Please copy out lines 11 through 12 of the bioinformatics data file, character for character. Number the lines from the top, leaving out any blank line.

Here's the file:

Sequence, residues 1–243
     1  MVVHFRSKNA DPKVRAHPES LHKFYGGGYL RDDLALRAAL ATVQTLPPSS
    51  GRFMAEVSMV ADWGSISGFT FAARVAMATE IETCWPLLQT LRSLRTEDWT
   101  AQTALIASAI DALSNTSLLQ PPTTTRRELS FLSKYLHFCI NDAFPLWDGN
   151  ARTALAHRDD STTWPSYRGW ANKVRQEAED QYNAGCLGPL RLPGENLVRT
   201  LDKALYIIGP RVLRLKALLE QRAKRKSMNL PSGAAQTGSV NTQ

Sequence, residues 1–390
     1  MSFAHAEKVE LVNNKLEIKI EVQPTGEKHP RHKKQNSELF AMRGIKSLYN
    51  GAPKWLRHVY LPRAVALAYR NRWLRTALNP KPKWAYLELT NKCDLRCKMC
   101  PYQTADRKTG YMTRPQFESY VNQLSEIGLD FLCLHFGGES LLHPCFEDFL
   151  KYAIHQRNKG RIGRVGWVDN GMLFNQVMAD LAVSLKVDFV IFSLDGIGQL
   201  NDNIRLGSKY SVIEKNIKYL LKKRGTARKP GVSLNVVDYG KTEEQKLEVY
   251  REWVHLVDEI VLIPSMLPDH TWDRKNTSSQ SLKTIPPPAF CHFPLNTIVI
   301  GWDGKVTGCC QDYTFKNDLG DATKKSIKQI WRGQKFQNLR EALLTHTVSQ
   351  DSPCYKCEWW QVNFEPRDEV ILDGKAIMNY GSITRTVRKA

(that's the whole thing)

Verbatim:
   151  KYAIHQRNKG RIGRVGWVDN GMLFNQVMAD LAVSLKVDFV IFSLDGIGQL
   201  NDNIRLGSKY SVIEKNIKYL LKKRGTARKP GVSLNVVDYG KTEEQKLEVY